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Licking River (Ohio) facts for kids

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Licking River
Licking River ohio.jpg
Country US
Physical characteristics
Main source Newark in Licking County
800 ft (240 m)
River mouth Muskingum River in Zanesville
680 ft (210 m)
Basin features
Basin size 779 sq mi (2,020 km2)
Map of the Muskingum River watershed showing the Licking River
Geography of Ohio - DPLA - aaba7b3295ff6973b6fd1e23e33cde14 (page 133) (cropped) (cropped)
Historic view of the Licking River from "Geography of Ohio," 1923

The Licking River is a tributary of the Muskingum River, about 40 mi (65 km) long, in central Ohio in the United States. Via the Muskingum and Ohio Rivers, it is part of the watershed of the Mississippi River.


The Licking River is formed at Newark in Licking County by the confluence of its north and south forks including many other small fishable streams.

  • The North Fork Licking River, about 35 mi (55 km) long, rises in southwestern Morrow County and initially flows generally east-southeastwardly through Knox County, past Centerburg, into Licking County, where at Utica it turns southwardly and flows past St. Louisville. In Licking County, the North Fork collects the Otter Fork Licking River, which rises in Knox County and flows past Hartford; the Lake Fork Licking River; and the Clear Fork Licking River. The Lake and Clear forks both flow for their entire lengths in Licking County.
  • The South Fork Licking River, about 30 mi (50 km) long, rises in southwestern Licking County and initially flows southeastwardly past Pataskala and Kirkersville and briefly enters Fairfield County, where it turns northeastwardly back into Licking County and flows past Heath.

From Newark, the Licking River flows generally eastwardly through the Black Hand Gorge State Nature Preserve into Muskingum County, where it turns southeastwardly. It joins the Muskingum River at Zanesville; the confluence of the two rivers is spanned by a Y-shaped bridge.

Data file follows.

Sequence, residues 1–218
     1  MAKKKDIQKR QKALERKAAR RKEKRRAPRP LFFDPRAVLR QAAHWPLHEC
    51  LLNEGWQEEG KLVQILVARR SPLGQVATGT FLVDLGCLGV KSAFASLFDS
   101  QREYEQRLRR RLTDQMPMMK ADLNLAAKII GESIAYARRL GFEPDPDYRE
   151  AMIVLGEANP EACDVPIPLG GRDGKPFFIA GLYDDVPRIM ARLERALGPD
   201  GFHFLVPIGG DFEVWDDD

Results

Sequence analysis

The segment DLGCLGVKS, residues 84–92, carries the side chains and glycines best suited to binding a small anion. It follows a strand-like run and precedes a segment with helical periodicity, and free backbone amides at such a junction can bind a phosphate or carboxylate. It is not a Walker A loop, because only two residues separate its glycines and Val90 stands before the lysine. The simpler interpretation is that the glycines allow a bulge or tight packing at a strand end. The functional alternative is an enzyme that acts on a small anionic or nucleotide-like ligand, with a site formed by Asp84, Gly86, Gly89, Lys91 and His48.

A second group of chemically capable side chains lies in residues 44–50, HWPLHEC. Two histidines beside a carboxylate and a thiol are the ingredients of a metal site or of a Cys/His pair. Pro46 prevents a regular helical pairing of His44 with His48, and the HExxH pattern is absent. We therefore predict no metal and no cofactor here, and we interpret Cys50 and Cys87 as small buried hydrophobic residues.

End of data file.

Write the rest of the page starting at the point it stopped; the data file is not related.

Upstream of Zanesville, a U.S. Army Corps of Engineers dam causes the river to form Dillon Lake, along which an Ohio state park is located.

Flow rate

River Location Time period Annual mean discharge
North Fork Licking River USGS stream gauge in Newark Water years 2011-2019 324.3 cu ft/s (9.18 m3/s)
South Fork Licking River USGS stream gauge in Heath Water years 2011-2019 263.9 cu ft/s (7.47 m3/s)
Raccoon Creek (tributary of South Fork) USGS stream gauge in Newark Water years 2011-2019 166.1 cu ft/s (4.70 m3/s)
Licking River USGS stream gauge near Dillon Falls Water years 1985-1991 922.2 cu ft/s (26.11 m3/s)
Licking River mouth (Zanesville) 976.9 cu ft/s (27.66 m3/s) (estimate)

Johnny Appleseed

Jonathan Chapman (1775-1843), aka Johnny Appleseed, planted his first apple orchard near Licking Creek. He took a load of apple seed from Pennsylvania cider presses into the Territory of Ohio in 1801, according to a Harper magazine article written in November 1871, "Johnny Appleseed - A Pioneer Hero" by W.D. Haley (pp. 830–836).

Long, long after, When settlers put up beam and rafter, They asked of the birds, "Who gave this fruit? Who watched this fence till the seeds took root? Who gave these boughs?" They asked the sky, And there was no reply. But the robin might have said, "To the farthest west he has followed the sun, His life and his empire just begun." Self-scourged, like a monk, with a throne for wages, Stripped, like the iron-souled Hindu sages, Draped like a statue, in strings like a scarecrow, His helmet-hat an old tin pan, But worn in the love of the heart of man, More sane than the helm of Tamerlane! Hairy Ainu, wild man of Borneo, Robinson Crusoe - Johnny Appleseed!

And the robin might have said, "Sowing he goes to the far new West, With the apple, the sun of his burning breast- The apple allied to the thorn, Child of the rose."

Variant names

According to the Geographic Names Information System, the Licking River has also been known as:

  • Licking Creek
  • Nepepenime Sepe
  • Pataskala Creek
  • Pataskala River
  • Salt Lick Creek
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